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Why Eileen Fisher’s Approach to Sustainable Fashion Works

And how other brands can emulate it.
Eileen Fisher standing in front of a pink background.
Eileen Fisher. (Shutterstock)

After 40 years at the brand she founded, Eileen Fisher announced earlier this week that she was stepping aside. Her successor, Patagonia chief product officer Lisa Williams, starts next week.

Fisher has lived the dream scenario for many designers — start your own brand, find success and cultural relevance without straying from your original vision, then exit gracefully and leave the business in the hands of a successor who promises to build on that legacy.

It’s true that Fisher never quite reached the size of Ralph Lauren or Calvin Klein (her brand’s sales topped out close to $500 million in the mid-2010s, and revenue totalled $241 million last year). But she can claim to have left her mark on the fashion industry, and the culture. That’s true both for the clothes — she was creating minimalist capsule collections well before “elevated basics” and “coastal grandma” had entered the lexicon — and the brand’s devotion to a slow fashion business model that embraced the idea of reuse and resale long before circularity became an industry buzzword.

In an interview, Williams said Eileen Fisher’s biggest opportunity lies in integrating its main line with its Renew business, which collects, repairs and resells worn garments (launched in 2009, the programme is one of the first of its kind by a major fashion brand, but is currently sold via a separate website).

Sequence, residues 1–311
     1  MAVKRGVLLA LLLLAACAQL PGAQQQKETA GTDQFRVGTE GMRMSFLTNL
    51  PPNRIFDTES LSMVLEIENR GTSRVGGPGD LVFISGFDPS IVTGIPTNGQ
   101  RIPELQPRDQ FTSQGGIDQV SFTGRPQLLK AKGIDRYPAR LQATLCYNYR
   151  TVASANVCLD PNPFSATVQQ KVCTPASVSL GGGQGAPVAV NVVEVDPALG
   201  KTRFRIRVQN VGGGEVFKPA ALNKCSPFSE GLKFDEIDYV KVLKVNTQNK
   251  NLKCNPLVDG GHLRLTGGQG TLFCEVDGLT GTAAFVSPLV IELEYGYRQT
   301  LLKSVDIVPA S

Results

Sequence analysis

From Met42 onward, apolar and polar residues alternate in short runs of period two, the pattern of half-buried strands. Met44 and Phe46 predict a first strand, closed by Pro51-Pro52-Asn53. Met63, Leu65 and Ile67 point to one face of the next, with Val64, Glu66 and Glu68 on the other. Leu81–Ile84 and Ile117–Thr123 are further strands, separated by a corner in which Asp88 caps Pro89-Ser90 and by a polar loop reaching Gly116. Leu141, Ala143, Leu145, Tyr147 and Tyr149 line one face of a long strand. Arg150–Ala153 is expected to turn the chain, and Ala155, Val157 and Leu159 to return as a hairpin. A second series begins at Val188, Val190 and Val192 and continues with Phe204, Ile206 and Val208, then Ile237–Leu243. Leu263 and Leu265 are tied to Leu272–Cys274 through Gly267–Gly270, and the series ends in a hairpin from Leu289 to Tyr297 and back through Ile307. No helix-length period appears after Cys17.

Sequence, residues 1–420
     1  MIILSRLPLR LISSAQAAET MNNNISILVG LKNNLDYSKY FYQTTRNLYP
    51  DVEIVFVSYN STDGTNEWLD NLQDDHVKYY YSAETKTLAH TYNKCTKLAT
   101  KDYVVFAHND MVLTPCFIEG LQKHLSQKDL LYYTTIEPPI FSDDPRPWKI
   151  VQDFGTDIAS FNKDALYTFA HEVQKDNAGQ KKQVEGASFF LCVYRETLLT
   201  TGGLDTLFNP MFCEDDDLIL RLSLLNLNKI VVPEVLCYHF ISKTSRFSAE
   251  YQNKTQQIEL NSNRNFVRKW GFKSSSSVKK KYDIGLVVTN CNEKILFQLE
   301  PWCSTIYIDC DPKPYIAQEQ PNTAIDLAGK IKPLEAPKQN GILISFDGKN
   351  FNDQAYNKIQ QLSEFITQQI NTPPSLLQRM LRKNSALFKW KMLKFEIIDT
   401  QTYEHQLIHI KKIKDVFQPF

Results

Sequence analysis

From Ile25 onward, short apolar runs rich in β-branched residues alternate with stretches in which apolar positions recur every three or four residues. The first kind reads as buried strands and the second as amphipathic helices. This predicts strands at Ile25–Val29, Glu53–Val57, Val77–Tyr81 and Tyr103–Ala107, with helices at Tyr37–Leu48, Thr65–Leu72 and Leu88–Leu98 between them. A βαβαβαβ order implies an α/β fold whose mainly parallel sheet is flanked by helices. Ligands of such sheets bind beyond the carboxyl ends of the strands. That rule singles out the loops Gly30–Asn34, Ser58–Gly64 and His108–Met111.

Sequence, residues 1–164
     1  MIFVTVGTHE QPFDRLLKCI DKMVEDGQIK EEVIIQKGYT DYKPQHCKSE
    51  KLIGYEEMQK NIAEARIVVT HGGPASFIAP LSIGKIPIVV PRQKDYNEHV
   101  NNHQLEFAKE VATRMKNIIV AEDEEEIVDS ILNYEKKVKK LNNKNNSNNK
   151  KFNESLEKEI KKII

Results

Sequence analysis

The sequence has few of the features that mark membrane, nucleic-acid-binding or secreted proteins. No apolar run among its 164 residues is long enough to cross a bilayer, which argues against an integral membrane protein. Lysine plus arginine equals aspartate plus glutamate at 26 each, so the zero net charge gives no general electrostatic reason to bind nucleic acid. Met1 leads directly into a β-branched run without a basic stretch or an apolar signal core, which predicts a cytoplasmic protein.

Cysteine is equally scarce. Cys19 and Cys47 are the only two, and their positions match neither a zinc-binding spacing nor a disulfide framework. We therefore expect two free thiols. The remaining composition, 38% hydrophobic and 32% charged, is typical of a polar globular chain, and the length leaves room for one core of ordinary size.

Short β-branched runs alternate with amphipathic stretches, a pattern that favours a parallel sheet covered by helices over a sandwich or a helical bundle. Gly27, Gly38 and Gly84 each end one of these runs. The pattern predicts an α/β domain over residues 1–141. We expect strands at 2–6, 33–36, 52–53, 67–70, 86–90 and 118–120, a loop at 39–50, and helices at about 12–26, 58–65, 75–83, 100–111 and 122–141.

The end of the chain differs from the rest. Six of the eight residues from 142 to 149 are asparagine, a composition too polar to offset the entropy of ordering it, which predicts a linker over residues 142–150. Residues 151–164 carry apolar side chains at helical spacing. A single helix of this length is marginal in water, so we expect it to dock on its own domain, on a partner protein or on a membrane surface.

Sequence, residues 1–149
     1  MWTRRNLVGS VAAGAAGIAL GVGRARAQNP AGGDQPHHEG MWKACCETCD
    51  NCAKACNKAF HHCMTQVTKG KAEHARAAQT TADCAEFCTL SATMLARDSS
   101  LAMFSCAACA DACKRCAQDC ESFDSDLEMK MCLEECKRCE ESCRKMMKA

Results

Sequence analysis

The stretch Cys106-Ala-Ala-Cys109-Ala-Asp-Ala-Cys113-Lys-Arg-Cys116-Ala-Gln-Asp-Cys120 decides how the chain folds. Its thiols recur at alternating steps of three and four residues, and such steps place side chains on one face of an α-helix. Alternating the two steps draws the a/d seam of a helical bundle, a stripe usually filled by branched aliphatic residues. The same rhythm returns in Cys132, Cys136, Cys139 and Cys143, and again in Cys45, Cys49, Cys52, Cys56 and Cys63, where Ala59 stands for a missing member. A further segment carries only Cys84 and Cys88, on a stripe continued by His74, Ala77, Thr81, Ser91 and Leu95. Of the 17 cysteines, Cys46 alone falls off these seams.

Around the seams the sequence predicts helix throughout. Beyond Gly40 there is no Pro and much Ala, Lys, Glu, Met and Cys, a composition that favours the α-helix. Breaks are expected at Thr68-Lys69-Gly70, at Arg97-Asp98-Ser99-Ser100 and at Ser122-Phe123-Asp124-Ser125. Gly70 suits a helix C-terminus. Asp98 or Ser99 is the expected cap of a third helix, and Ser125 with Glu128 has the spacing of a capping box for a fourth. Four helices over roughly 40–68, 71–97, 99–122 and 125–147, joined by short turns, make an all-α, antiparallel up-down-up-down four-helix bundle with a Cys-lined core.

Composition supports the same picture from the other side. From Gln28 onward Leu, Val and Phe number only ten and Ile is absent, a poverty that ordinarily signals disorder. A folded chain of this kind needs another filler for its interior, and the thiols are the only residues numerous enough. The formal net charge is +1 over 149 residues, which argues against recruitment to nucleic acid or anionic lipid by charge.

Getting sales back to pre-pandemic levels is of secondary importance.

“It’s not the highest priority, the highest priority is responsible growth and reasonable growth,” she said. “This has been a business that has done the right thing for the [brand] and for the consumer, and growth has been a natural byproduct of that. And I think that’s the approach to it that we’ll continue to have.”

Ahead of the curve is different than being trendy

Eileen Fisher’s earliest and most important innovation was to take a concept that was percolating in luxury circles — minimalist capsule wardrobes made popular by Japanese designers and Donna Karan’s Seven Easy Pieces — and make it accessible to a broader group of people. Today, brands at every price point tout their tightly curated collections of elevated basics, but Fisher was there on the ground floor.

“The two things that anchor Eileen Fisher [the brand] are good design and being a force for good,” Fisher said in an email. “In the design space, I am, in many ways, doing what I’ve always done — focusing on perfecting and evolving our simple, timeless pieces in ways that ensure they work together as a system, to make life easier for our customers… The desire to create beautiful clothing in a way that makes things better has been with me since I started this journey.”